Dengue fever

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Dengue fever is a widespread viral infection in the tropical and subtropical regions[1]. It is a RNA virus with four serotypes[2]. Aedes aegypti, a species of mosquito, is the main vector of this infection to another living beings[3]. Other routes of transmission include organ transplantation and blood transfusion[4]. Dengue fever will not spread from touching another infected humans[5]. The incubation period of the dengue virus is usually 4-7 days. Once exposed, symptoms such as sudden onset high fever (as high as 41ºC), pain behind the eyeballs, aching of the bones and jones start to develop between 3-14 days. The patients may also experience shivering, abdominal pain, nausea, vomitting, rashes and loss of appetite[6][7]. However, it should be noted that Dengue fever is just a severe flu-like sickness that will not lead to death. 

Currently, there is no cure available for Dengue fever. The doctors would probably prescribed the patients with painkiller such as paracetamol (aspirin, ibuprofen, andnaproxen will lead to more bleeding if given to Dengue patients[8]) to relieve the symptoms of fever, joint and head ache. In some serious cases, the patients might need to be hospitalised or go throught blood transfusion[9].

The bad news is that unlike some other virus infections, there is no vaccination against Dengue fever at the moment. However, the good news is, there are many simple and quick ways to fight the vectors. Aedes aegypti can be recognised by its white and black stripes on the body. They like to breed in stagnant water that can be found in the gardens of the houses for example[10]. Thus it is advisable to change the flowerpots' water or any other water storage containers frequently and apply insecticide to areas that accumulate water easily[11] (such as drains).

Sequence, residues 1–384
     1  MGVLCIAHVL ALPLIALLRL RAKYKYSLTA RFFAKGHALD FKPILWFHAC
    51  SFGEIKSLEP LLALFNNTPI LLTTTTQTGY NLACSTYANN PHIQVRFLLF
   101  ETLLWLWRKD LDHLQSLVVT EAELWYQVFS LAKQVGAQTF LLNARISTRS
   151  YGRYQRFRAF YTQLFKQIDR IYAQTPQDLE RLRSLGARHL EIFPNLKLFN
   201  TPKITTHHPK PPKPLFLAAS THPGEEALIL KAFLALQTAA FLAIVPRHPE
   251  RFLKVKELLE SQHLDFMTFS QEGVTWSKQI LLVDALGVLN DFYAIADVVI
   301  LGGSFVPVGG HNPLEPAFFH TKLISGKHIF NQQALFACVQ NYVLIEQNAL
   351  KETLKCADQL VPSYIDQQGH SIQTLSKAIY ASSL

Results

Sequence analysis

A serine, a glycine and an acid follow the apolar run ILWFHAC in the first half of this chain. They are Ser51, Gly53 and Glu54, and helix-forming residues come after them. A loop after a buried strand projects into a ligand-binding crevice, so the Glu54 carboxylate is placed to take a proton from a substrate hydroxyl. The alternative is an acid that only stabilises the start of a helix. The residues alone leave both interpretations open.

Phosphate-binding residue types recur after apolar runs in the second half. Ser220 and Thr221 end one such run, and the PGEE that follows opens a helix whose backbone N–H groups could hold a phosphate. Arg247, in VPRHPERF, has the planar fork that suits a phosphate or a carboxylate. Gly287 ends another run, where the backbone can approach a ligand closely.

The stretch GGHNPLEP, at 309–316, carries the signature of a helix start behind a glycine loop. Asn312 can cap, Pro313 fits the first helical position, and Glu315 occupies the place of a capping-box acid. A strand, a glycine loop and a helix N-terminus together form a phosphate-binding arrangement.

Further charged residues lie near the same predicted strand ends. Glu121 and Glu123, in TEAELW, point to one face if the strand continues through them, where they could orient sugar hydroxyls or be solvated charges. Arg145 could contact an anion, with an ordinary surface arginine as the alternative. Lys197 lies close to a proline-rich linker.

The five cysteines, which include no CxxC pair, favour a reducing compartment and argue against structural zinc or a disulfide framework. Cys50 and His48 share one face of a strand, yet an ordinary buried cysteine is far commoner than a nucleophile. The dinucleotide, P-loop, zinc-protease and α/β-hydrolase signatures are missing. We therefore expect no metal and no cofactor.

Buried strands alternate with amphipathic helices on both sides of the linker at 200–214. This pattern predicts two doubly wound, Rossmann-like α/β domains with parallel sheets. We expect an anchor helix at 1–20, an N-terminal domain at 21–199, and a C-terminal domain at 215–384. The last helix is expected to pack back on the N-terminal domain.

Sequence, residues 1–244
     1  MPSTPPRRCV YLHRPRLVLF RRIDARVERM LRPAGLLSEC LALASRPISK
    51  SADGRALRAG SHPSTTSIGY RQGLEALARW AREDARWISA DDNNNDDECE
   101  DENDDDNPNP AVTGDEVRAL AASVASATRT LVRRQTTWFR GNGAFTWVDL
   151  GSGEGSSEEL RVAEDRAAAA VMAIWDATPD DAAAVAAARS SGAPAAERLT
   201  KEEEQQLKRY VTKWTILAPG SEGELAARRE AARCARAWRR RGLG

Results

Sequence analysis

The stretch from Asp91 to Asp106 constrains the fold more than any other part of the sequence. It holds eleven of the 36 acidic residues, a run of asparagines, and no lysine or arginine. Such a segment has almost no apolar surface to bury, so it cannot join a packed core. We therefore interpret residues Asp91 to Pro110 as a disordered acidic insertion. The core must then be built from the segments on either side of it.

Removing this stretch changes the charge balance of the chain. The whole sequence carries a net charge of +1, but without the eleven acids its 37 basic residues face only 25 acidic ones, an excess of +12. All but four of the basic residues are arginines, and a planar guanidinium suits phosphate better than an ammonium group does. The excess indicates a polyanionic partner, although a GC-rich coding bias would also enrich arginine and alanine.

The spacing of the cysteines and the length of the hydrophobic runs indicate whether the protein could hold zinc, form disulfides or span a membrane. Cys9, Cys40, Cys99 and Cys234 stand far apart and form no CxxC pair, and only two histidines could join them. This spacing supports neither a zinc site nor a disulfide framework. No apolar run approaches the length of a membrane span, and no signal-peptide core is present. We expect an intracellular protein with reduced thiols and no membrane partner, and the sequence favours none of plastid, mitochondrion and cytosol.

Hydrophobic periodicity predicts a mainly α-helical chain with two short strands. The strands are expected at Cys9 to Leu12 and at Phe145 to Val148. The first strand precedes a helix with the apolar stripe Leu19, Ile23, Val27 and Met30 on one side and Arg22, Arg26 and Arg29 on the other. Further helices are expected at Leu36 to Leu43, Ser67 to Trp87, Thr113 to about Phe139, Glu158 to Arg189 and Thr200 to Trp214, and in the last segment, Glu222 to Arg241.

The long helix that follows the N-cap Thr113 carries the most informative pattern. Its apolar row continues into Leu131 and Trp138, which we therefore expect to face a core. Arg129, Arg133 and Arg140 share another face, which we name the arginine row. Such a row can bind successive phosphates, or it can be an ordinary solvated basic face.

References

  1. http://www.nhs.uk/Conditions/dengue/Pages/Introduction.aspx
  2. http://www.ncbi.nlm.nih.gov/pubmed/19392949
  3. http://www.who.int/mediacentre/factsheets/fs117/en/
  4. http://www.ncbi.nlm.nih.gov/pubmed/19392949
  5. http://www.moh.gov.sg/content/moh_web/home/diseases_and_conditions/d/dengue.html
  6. http://www.who.int/mediacentre/factsheets/fs117/en/
  7. http://www.nhs.uk/Conditions/dengue/Pages/Symptoms.aspx
  8. http://www.nlm.nih.gov/medlineplus/ency/article/001374.htm
  9. http://www.moh.gov.sg/content/moh_web/home/diseases_and_conditions/d/dengue.html
  10. http://www.moh.gov.sg/content/moh_web/home/diseases_and_conditions/d/dengue.html
  11. http://www.who.int/mediacentre/factsheets/fs117/en/
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